The formula goes like this:

First Commonality + Second Commonality = Potential Friendship

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Most people think they need one commonality with a person to create a friendship, and it can be frustrating and lonely when they actually meet interesting people but can’t make friends with them. Now that you know this crucial tip, you can discover even more pieces to your success in getting the friends you want in your life.

Go Further

If you want to learn to get free tips on how to overcome your emotional blocks that prevent you from meeting people, and more specific techniques on how to meet interesting people and make friends, then get on my Free Social Skills Newsletter. Just scroll down and head over to the Get The Friends You Want site.

 

 

More by this author

Paul Sanders

A communication expert who tries to help people improve their social skills and make friends anywhere.

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Last Updated on December 2, 2018

7 Public Speaking Techniques To Help Connect With Your Audience

7 Public Speaking Techniques To Help Connect With Your Audience

When giving a presentation or speech, you have to engage your audience effectively in order to truly get your point across. Unlike a written editorial or newsletter, your speech is fleeting; once you’ve said everything you set out to say, you don’t get a second chance to have your voice heard in that specific arena.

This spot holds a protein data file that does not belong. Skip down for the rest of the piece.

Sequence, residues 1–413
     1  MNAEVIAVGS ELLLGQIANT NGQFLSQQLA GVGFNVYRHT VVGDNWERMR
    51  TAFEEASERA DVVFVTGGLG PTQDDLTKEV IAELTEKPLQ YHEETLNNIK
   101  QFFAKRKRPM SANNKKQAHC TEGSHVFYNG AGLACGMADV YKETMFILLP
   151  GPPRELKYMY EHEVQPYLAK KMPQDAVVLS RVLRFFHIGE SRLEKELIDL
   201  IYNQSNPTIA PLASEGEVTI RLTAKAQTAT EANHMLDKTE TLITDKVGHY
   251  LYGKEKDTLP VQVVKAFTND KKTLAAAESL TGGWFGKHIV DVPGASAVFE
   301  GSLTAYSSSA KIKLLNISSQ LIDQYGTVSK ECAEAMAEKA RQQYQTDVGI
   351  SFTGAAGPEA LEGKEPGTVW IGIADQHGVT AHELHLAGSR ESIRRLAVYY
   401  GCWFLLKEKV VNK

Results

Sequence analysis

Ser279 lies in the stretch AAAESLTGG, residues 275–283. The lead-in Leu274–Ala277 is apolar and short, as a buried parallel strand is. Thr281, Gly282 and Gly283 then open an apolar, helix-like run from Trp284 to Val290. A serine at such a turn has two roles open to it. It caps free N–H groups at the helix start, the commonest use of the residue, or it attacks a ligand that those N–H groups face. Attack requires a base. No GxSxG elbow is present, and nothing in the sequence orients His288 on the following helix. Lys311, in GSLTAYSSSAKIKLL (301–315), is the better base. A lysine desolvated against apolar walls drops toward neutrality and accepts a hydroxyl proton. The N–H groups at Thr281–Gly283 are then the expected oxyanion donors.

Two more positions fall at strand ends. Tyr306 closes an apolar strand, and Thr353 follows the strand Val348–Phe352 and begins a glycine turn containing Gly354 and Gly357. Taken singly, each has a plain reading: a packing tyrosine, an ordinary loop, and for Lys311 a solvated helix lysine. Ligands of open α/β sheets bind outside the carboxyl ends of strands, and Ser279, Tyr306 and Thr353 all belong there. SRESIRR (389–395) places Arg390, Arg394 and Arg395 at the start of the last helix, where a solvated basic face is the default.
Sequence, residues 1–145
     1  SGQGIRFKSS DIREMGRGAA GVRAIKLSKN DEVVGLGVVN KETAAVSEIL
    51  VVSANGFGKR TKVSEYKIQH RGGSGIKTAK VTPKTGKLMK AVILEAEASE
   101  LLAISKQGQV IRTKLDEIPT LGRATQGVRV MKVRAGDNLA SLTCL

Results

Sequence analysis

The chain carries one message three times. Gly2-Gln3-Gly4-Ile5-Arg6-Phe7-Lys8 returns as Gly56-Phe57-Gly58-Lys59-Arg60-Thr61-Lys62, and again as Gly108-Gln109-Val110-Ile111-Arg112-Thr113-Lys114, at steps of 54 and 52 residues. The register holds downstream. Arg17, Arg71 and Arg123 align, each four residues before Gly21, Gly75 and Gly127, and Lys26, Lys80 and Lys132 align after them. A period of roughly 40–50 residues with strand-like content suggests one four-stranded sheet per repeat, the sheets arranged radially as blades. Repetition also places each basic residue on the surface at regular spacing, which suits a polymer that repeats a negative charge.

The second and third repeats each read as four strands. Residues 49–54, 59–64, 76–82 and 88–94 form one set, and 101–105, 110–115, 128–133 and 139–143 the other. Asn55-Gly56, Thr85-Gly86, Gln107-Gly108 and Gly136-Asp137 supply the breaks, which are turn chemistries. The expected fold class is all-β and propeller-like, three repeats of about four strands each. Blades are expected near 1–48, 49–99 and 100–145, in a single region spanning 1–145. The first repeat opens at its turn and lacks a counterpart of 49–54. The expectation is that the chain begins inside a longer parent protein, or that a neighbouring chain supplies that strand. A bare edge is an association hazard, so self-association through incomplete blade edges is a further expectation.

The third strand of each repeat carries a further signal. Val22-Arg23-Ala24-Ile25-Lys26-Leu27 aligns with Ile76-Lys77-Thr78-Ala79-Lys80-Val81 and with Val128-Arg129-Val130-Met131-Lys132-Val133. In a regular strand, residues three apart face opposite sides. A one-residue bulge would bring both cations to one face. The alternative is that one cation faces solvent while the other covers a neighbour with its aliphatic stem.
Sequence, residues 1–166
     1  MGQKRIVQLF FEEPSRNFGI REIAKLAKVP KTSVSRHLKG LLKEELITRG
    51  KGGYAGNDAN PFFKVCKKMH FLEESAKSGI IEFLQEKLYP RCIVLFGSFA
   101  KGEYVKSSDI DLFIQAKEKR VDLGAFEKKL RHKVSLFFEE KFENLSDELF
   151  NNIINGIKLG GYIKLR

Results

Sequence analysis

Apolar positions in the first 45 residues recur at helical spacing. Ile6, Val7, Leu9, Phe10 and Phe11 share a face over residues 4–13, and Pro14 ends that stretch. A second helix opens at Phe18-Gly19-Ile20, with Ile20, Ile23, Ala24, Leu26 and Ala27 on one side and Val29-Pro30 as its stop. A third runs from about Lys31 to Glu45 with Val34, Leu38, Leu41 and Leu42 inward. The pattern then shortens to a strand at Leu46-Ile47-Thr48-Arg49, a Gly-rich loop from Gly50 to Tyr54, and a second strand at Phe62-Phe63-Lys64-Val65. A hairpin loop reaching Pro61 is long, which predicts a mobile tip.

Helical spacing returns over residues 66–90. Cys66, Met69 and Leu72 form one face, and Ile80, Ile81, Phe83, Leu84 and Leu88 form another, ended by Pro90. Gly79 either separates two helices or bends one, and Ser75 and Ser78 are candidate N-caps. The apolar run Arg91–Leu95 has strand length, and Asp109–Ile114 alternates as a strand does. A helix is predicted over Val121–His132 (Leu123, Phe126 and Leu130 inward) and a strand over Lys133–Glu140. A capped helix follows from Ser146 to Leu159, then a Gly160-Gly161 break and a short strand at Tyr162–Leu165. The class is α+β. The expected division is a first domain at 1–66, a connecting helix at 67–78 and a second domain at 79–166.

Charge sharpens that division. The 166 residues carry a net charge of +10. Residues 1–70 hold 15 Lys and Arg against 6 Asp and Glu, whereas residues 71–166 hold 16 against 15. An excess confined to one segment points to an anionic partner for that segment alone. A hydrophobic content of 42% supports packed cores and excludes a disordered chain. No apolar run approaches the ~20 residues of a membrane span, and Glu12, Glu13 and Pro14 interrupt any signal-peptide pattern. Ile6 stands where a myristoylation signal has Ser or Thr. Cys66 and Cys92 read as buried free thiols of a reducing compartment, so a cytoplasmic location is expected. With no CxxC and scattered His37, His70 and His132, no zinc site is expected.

You need to make sure your audience hangs on to every word you say, from your introduction to your wrap-up. You can do so by:

1. Connecting them with each other

Picture your typical rock concert. What’s the first thing the singer says to the crowd after jumping out on stage? “Hello (insert city name here)!” Just acknowledging that he’s coherent enough to know where he is is enough for the audience to go wild and get into the show.

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It makes each individual feel as if they’re a part of something bigger. The same goes for any public speaking event. When an audience hears, “You’re all here because you care deeply about wildlife preservation,” it gives them a sense that they’re not just there to listen, but they’re there to connect with the like-minded people all around them.

2. Connect with their emotions

Speakers always try to get their audience emotionally involved in whatever topic they’re discussing. There are a variety of ways in which to do this, such as using statistics, stories, pictures or videos that really show the importance of the topic at hand.

For example, showing pictures of the aftermath of an accident related to drunk driving will certainly send a specific message to an audience of teenagers and young adults. While doing so might be emotionally nerve-racking to the crowd, it may be necessary to get your point across and engage them fully.